EngineMax Horsepower (hp)Max Torque (lb-ft)
1.5L Turbo I4181 @ 6000 rpm185 @ 2700 rpm
2.0L Turbo I4240 @ 5500 rpm270 @ 3000 rpm
2.0L Parallel Hybrid141 @ 6000 rpm (engine)
118 @ 6000 rpm (motor)
129 @ 4000 rpm (engine)
177 (motor)
2.0L Plug-in Hybrid188 (total system hp)NA
2.5L I4175 @ 6000 rpm170 @ 4500 rpm

Fuel Economy Breakdown

The Fusion’s fuel economy numbers are only okay for the segment. Others like the Mazda6 manage better fuel economy with higher engine displacements and without turbocharging.

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The Accord’s 3.5-liter V6 manages similar fuel economy to the Ford’s turbo’d 2-liter.

And the Fusion’s base engine, the 2.5-liter, is a total joke in the fuel economy department. While the highway fuel efficiency is not bad at 37 MPG, at the end of the day you still have an anemic 175 hp engine getting a measly 26 MPG combined.

The hybrid is competitive, scoring similar fuel economy numbers as the Sonata hybrid, and while the PHEV only has a range of about 18 miles, 88 MPGe means very few stops to the pump.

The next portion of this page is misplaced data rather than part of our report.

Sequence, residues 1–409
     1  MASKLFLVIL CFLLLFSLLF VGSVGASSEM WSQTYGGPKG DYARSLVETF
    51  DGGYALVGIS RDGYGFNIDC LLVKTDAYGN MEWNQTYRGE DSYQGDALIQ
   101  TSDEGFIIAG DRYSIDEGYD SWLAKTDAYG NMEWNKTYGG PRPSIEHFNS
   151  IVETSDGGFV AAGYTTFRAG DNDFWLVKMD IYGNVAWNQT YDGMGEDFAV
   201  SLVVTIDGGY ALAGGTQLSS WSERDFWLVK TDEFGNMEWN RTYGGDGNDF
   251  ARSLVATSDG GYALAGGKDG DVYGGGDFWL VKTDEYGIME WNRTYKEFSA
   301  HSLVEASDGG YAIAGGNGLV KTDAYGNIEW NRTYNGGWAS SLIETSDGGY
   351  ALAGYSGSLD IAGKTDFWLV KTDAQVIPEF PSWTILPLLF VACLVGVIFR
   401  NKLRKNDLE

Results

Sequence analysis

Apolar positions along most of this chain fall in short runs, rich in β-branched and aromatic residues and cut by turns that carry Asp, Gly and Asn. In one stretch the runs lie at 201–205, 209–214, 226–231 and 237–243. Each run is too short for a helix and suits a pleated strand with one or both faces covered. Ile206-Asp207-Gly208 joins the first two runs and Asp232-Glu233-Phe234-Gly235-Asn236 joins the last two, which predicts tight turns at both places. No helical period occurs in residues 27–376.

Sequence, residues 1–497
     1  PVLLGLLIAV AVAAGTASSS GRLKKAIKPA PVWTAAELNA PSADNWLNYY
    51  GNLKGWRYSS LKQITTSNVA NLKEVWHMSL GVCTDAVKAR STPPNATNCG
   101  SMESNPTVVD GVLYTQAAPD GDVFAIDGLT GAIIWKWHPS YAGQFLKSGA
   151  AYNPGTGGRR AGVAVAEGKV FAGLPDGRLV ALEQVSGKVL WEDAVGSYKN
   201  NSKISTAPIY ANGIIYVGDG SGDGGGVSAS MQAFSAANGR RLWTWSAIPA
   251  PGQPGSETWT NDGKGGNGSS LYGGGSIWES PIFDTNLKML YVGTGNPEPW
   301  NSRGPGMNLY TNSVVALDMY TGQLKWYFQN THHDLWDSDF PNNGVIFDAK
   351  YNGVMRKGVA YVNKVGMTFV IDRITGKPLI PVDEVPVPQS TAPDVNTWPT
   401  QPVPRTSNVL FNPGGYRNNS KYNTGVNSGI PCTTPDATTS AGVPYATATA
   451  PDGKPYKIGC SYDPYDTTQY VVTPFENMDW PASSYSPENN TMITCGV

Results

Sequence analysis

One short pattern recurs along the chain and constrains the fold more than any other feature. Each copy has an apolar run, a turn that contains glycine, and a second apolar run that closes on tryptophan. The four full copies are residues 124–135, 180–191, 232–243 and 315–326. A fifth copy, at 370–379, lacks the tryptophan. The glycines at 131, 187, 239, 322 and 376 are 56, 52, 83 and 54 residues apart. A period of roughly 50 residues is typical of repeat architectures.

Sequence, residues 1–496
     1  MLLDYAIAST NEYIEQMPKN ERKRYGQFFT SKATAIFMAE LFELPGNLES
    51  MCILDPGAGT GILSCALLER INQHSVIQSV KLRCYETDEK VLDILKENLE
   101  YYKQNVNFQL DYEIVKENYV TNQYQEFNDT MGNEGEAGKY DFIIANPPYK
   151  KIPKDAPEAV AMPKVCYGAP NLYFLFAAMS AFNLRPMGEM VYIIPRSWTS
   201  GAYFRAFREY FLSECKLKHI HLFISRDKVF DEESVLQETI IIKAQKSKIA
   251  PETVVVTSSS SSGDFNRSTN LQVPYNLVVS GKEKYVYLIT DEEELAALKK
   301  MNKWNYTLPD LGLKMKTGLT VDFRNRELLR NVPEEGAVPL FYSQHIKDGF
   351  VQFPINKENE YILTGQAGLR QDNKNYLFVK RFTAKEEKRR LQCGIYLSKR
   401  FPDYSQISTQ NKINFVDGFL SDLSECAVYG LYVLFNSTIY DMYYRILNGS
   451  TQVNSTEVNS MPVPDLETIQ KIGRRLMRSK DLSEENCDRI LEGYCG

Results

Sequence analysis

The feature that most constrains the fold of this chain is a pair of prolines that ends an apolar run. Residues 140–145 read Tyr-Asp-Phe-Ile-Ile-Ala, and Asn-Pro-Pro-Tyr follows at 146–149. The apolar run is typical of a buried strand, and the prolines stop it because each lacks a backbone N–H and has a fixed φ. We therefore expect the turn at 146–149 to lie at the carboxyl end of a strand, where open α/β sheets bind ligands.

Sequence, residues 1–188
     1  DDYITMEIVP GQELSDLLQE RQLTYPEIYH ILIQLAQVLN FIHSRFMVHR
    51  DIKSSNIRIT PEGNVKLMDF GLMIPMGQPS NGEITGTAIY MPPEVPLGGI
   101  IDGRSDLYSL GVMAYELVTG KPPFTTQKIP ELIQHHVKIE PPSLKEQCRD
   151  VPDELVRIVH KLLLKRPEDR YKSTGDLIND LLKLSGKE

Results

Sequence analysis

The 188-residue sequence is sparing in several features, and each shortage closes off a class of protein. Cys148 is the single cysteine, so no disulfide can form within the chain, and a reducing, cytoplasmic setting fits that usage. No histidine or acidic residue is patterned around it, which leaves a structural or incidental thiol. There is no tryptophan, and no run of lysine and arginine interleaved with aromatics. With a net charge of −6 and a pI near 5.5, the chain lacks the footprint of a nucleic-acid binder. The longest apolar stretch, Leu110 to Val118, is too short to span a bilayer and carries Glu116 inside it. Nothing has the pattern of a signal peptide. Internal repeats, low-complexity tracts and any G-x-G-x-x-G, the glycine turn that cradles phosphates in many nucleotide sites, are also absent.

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2016 Ford Fusion Fuel Economy Ratings (City/Highway/Combined)

_1.5L Turbo I4
2.0L Turbo I4
2.0L Hybrid
2.0 PHEV
2.5L I4
Fuel Economy- auto23/36/28
25/37/29 (w/ESS)
22/33/26 (2wd)
22/31/25 (awd)
44/41/42
95/81/88 (MPGe)
22/34/26

Trim Level Breakdown

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The Fusion comes with 11.8-inch solid disc brakes in the back with 11.8-inch vented rotors up front. Steering is electric, suspension is a MacPherson strut front up front and a multi-link setup in the rear.

Ford offers three main trim levels on their gas and mild hybrid models: S, SE, and Titanium. The plug-in Energi model comes in either base Energi trim or Titanium Energi.

  • S: Starts at $22,110. Notable standard features: 2.5-liter I4, 6-speed automatic transmission, air conditioning, cloth seats, 16” alloy wheels, 4-speaker audio system, rearview camera, SYNC with MyFord in-car communication system. Notable options: S Appearance Package: 18” alloy wheels, fog lamps, rear spoiler, body-color rocker moldings ($795).